Aladdin

Date 22nd November 2019
Society South Manchester AOS
Venue Z Arts, Manchester
Type of Production Pantomime
Director Stephanie Niland
Musical Director Tom Guest
Choreographer Beth Abram
Producer Kevin Proctor

Report

Author: Martin Craig

We all know the story of Aladdin or at least the general gist of it. A moral tale of good triumphing over evil and love conquering all – without even a hint of swiping left or right! Aladdin falls in love with Princess Jasmine and vice versa, but there is a catch - the Princess is only allowed to marry a prince and Aladdin is no such thing - he`s just a poor boy from a poor family who works with his mother (Widow Twankey) and brother (Wishee Washee) in the launderette. Cue “Uncle” Abanazer and his well worn ring - from here we travel to far flung places meeting Ring Slaves, Genies, incompetent coppers, Emperors, a handmaiden, a mummy and so much more - with singing and dancing ensuing throughout!

Abanazer, the supposed Uncle of Aladdin was played with dramatic effect by Kenny Logue - evil and devious to a point, it wasn`t long before the audience were booing and hissing his every entrance - you could tell that Kenny was relishing the role and loved playing the baddie calling on Vikki Bullar`s Slave of the Ring to do his bidding. The Slave is instrumental in the story telling, and Vikki played the role with aplomb.

Mike Miller and Annie Davies as Aladdin and Princess Jasmine worked really well together, with plenty of interaction between all other characters, the audience and each other. Both characters were a lot more spirited than many others I`ve seen, and the Panto was all the better for it.

The role of Wishee Washee was played by a very energetic and exuberant Andrew Ryder zooming around the stage and getting into all kinds of mischief. Andrew had the audience in the palm of his hand - his child like innocence with a naughty streak shining through. The scenes with Wishee and Widow Twankey were great as both bounced so well off each other.

Kevin Proctor`s Dame (the for-mentioned Widow) has to be one of the best Dames I`ve seen. The dryness of wit and delivery were absolutely spot on. It was an absolute pleasure to see somebody who knows their craft presenting us a well-honed and polished performance with wigs and costumes to match.

The two incompetent policemen, PC Chop and Sargeant Suey (Kallum Edwards and Sarah Phillips) kept the audience amused throughout with their physical comic antics and Chop`s outbursts of singing, only to be chastised at every step by Suey - their rapport with each other was, at times, inspired.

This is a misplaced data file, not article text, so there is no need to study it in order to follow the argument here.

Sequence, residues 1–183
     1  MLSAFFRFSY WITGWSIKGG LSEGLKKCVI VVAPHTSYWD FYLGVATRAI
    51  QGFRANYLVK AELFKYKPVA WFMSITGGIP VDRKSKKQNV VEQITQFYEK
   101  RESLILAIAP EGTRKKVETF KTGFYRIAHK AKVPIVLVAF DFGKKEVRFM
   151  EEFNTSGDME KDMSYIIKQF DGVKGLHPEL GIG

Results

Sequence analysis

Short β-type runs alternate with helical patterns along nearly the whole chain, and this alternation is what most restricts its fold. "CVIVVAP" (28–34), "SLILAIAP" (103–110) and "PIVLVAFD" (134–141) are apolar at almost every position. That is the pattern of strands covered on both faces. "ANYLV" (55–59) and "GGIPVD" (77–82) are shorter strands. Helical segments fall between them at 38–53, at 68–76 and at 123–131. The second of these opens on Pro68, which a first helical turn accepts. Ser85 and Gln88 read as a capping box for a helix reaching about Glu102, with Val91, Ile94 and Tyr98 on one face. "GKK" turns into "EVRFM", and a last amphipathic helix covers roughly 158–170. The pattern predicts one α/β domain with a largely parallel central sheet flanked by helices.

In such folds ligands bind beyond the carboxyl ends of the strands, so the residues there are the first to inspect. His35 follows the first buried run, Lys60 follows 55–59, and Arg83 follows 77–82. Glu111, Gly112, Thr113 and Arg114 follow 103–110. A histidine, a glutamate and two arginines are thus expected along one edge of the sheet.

The other two members of the Palace we met were Sho-Shy (Laura Aremia) - Princess Jasmine`s handmaiden and the Emperor, Princess Jasmine’s father played by Matthew James. You could really imagine Laura`s So-Shy not just being Jasmine`s best mate, but also her wing-woman on a night out if ever it were needed.
On occasion, I have seen the role of the Emperor being played as though the performer were playing Hamlet, so seriously dour- not so with Matthew he had a total understanding of the absurdity of the character and in doing so gave the character more depth and humour. Both he and Laura added so much more to their characters than the walk-on roles they could have been.

Then, of course, we had the Genie played by Tom Farnworth. Think Julian Clary and you can`t go far wrong. As camp as a Mexican tablecloth with every line delivered with a cheeky innuendous grin and comic timing to boot.

As with all Pantomimes there were other roles, too many to mention for fear of forgetting somebody, but be assured you played your parts well. Chorus numbers were lively, energetic and executed extremely well. Every chorus member was totally attentive to everything that was going on around them, each with their own characterisation.  I haven`t even mentioned the singing as yet, but suffice to say the sound created (working with backing tracks), whether as a chorus or principal was excellent - not one weak link throughout.

Staging was quite simple with flats, cloths and props with larger props when necessary for set pieces. Lighting and sound were really good with a careful ear attuned to what was happening onstage so all tracks happened exactly when they were supposed to.

There`s nothing like a good pantomime to warm your cockles and set off the festive season and this was nothing like a good Pantomime….. this was a blimming great pantomime! It was so well written - hats off to Kevin Proctor, not only as the dame, but having the humility to share stage-time and jokes equally amongst the cast.

If I had one criticism at all it may have been that the show may have been a little long for the kids, but hey, I didn`t bring any and could quite happily have sat there for another two hours being entertained by this lot!

Choreography by Beth Abram - what can I say? It really was excellent - every number was slick, polished, relevant and each piece so different to it’s preceding number - Well done.

Musical Director Tom Guest and Director Stephanie Niland must have had a ball with this one and although neither job is never easy, working with a cast like this must have felt that it was.

Thank you so much, South Manchester AOS for your invite and your hospitality.